At 0512 on 19 April Admiral Blandy, commanding a demonstration attack group, ordered his ships to open fire on the Japanese positions along the southern coast of Okinawa. In conjunction with the main attack of XXIV Corps on the Shuri defenses, a diversionary landing feint was again to be made on the Minatoga beaches. Admiral Mitscher sent three of his battleships from TF 58 to provide support for this operation and Admiral Turner added two battleships, two cruisers, and four destroyers to Blandy’s bombardment force. A 48-plane strike group spent 25 minutes plastering the target beaches, and at 0742 the first waves of troops crossed the line of departure. These men, from the 1st Battalion, 307th Infantry, had been held out of the Ie Shima assault force to fake the landing attempt. At 0817 the last waves of LCVP’s turned back toward their transports and the feint was over.26

It is doubtful that the demonstration landing on 19 April succeeded as had those on L-Day and L-plus 1 in persuading the Thirty-second Army that its southern flank must be defended



at all cost. Although enemy staff officers were still convinced that the Minatoga landing was a logical move for Tenth Army to make, the threatened collapse of 62d Division’s defenses before the XXIV Corps attack outweighed this consideration. Consequently, on 20 April, headquarters of the 24th Division was ordered north in preparation for the commitment of its units to the battle line.27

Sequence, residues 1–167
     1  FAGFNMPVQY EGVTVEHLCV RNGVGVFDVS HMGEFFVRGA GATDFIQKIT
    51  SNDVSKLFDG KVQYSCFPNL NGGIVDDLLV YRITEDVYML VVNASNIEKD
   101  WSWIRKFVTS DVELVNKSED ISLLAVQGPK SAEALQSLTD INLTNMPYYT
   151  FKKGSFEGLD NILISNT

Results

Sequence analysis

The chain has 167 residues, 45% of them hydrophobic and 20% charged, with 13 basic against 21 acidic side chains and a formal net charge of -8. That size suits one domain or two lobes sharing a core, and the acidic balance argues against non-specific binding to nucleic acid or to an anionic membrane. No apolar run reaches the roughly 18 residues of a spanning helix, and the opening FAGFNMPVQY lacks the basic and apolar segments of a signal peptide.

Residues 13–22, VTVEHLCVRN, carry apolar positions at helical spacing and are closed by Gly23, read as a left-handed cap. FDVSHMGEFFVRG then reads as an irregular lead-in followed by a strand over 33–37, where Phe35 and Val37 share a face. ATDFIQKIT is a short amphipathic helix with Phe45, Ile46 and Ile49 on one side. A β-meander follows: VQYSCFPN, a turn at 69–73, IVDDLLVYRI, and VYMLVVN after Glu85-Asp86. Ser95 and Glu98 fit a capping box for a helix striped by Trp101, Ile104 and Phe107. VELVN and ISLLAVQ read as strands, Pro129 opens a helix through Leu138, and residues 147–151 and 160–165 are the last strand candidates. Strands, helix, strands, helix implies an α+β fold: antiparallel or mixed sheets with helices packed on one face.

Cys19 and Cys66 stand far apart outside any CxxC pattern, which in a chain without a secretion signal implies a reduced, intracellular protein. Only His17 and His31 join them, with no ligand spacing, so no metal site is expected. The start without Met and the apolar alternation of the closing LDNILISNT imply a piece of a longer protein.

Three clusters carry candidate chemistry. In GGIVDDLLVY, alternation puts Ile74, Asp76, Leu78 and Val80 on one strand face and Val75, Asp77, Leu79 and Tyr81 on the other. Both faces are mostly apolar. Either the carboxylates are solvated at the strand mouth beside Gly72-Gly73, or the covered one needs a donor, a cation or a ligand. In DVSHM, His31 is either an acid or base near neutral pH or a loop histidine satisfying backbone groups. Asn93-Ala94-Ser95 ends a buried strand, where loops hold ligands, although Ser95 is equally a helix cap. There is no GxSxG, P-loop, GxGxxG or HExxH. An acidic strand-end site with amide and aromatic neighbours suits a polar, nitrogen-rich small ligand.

The preparatory and supporting fires delivered on Japanese positions for the main attack on 19 April were awesome in their magnitude. Admiral Turner allotted six battleships, six cruisers, and nine destroyers to direct support of XXIV Corps, and his air support control officer, Captain Richard F. Whitehead, USN, arranged for 650 Navy and Marine planes, over 300 of them from TF 58, to hit enemy defenses, assembly areas, and supply points.28 Beginning at 0600, 27 battalions of artillery, firing everything from 75mm to 8-inch howitzers, covered the 5-mile front with a density greater than one weapon to every 30 yards. Nineteen thousand rounds fell on the enemy before the jump-off at 0640. It seemed as if no one could survive the massive preparation, but unfortunately almost all the Japanese did.29

Hidden in their caves deep within the hill-ridge complex, protected by walls of solid limestone, the enemy troops waited for the fire to lift. At 0620 the American artillery shifted its impact area 500 yards to the rear and the infantry feinted an attack to draw the Japanese out into the open. The ruse failed and the artillery came down again on the forward areas.